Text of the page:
by Siri Paulson
Oyez! Oyez! Gather, people of Epsilon Dome City, and listen to the data!
This bard standing before you has made her rounds through your neighbour, Gamma, for many years. They have known her since her implant was new, her limbs straight and her eyes clear. They are a small community with many small data of news, none significant except to those within that dome, and so she is the only bard that visits. Yet this bard has made her rounds faithfully and spoken to them the data from outside. She has listened and remembered. She has imparted, to the best of her ability given the needs of her audiences, the data from Gamma to other domes, so that all may hear and know.
Yet when she landed her flyer in Gamma Dome City ten days past, something was different.
A man from Gamma asked her once, several years ago, whether she remembered every data she heard. She said yes, of course. That was what the implant was for. Then he asked her whether she told every data she heard. Are no conversations private, he asked. She told him that part of the training to be a bard was discerning what to tell and to whom. The confidence of a friend, a family matter that has no bearing on others, those things may be kept silent.
Then how, he asked, may we trust that you are not keeping other things silent. How do we know that you are not, by omission, misleading us. If you made a grave error, for example. Or if there was a tragedy or an uprising in another dome. Would you tell us? How would we know if you did not? You are the only bard who comes here on your rounds. As for us, we send our ore and receive our goods by mechanized transport. We do not have the means to cross the blasted wilderness between domes ourselves. We have only your word.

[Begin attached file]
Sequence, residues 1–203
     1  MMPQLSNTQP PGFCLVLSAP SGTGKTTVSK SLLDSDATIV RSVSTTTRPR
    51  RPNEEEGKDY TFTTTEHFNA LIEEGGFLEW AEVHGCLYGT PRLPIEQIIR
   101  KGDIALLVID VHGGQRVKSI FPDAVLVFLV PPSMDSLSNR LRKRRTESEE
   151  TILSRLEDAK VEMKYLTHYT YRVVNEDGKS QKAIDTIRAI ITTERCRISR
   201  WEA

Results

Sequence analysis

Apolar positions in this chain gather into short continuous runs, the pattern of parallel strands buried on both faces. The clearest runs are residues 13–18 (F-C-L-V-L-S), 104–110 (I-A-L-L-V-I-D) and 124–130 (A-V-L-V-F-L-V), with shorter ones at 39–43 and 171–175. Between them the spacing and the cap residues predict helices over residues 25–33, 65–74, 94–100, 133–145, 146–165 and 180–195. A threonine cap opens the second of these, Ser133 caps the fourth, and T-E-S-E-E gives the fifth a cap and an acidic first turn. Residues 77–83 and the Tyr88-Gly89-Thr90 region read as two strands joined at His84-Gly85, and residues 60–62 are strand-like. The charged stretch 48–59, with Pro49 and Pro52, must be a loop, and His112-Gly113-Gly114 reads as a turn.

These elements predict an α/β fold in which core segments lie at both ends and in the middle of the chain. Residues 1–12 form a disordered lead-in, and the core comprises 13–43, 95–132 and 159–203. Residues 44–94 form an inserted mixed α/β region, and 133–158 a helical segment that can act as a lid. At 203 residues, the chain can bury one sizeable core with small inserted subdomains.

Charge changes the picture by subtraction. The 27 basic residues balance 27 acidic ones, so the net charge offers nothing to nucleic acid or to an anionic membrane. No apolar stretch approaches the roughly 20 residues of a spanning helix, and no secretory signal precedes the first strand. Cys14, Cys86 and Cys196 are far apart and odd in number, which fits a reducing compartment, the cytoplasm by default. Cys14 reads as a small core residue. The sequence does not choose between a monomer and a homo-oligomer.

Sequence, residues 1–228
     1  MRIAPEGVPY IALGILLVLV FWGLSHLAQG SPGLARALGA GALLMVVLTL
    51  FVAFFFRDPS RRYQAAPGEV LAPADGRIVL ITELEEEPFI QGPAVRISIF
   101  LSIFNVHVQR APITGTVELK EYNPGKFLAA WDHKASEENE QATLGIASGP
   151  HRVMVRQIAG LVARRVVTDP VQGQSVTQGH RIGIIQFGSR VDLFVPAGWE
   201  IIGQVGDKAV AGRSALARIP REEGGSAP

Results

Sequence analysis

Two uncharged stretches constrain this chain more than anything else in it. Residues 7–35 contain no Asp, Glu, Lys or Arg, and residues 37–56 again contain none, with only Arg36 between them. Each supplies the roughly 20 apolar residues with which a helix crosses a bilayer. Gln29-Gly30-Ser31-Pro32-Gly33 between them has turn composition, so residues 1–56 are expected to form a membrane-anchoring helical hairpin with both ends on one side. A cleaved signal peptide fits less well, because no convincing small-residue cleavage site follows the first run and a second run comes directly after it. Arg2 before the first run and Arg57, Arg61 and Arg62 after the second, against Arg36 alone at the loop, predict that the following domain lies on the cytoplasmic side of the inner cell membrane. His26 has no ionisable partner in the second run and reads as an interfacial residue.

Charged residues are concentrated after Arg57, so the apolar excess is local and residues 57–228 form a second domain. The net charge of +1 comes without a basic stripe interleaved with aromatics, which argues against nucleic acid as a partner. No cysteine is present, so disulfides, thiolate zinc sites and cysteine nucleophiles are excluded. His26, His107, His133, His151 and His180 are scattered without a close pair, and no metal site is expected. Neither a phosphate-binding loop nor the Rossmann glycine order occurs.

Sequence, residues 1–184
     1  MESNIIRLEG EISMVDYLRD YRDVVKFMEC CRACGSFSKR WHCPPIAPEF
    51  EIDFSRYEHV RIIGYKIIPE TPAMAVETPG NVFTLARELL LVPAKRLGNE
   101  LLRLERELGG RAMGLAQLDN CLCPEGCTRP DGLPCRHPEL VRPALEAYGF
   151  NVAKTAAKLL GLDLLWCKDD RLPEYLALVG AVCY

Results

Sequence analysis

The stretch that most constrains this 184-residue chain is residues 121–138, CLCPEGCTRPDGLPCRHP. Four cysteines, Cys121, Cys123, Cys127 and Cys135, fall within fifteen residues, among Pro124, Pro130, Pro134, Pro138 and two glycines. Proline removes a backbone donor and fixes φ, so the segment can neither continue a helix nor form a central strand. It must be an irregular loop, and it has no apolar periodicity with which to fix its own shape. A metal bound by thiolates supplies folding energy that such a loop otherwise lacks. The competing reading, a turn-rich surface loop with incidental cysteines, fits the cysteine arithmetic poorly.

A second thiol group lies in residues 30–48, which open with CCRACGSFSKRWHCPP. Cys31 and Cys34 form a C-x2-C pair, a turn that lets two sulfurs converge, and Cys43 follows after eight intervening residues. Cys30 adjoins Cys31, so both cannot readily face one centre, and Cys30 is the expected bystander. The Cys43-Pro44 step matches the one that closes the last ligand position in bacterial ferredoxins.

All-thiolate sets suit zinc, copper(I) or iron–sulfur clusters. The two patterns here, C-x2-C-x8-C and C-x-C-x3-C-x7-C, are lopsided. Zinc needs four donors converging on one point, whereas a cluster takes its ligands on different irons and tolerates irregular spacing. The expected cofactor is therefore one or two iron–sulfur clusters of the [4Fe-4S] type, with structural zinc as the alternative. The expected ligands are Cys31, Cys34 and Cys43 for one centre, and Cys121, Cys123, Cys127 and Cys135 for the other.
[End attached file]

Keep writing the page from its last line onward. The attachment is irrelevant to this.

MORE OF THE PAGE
The bard listened. Telling data that has been curated for an audience, she said, is who we are. We can give you no clearer answer.
He was quiet, and did not speak of it again. Nor did she. She thought the matter forgotten. But it was not.
Ten days past, when she arrived in Gamma, the people confronted her. You said that all other domes were like ours, they told her. We have spent years working to send messages through the mechanized transport, and we have learned many data. We know now that domes have failed, a crack or a rupture bringing in poisonous gases from the atmosphere outside, and if such a thing were to happen here, we would be trapped. We know now that people in some domes have the means to travel from one to another. Yet other domes also did not know these data, as we did not. You bards have lied to us. Why?
Her training had not prepared her for this.
We have not lied, she said. We have told you the data you were prepared to hear. As to the rest, you made assumptions. It is regrettable that you have not been properly prepared for these data. Act not in the heat of your anger, but consult your sages and consider well the wisest course of action.
Oh, we’ve considered all right, they said. Many of us have decided we will stay no longer in this forsaken place. We’re taking our cargo transports and we’re leaving.
You cannot, she said. The cargo transports are not built for humans. You will die.
Why should we listen to you, they said. You are not to be trusted.
This bard has not lied, she said again. Curated, yes, but never given false data. We cannot.
But nothing she could say would stir them. She had lost her audience.
Many of them left. She stayed to try to calm the few that remained, but they would no longer listen to her words.
When at last she boarded her flyer and left Gamma, she followed the tracks of many transports heading away from the dome. All of them she found stranded, out of air and fuel, all within dead of asphyxiation or exposure. She had given them this data, and the data do not lie.
Pardon me. Even a bard has moments governed by emotion. Even we cannot remain untouched by the data we carry.
People of Epsilon Dome City, your expressions say that you have not heard tell of these transports, or of the other data that was collected by the people of Gamma without the use of a bard. This bard knows. For she has performed curation for you, too. Until now. Now you have all the data she can impart to you.
Believe what you may, and do what you must. This bard will listen and remember, and when it is appropriate to the needs of the audience, the data will be told.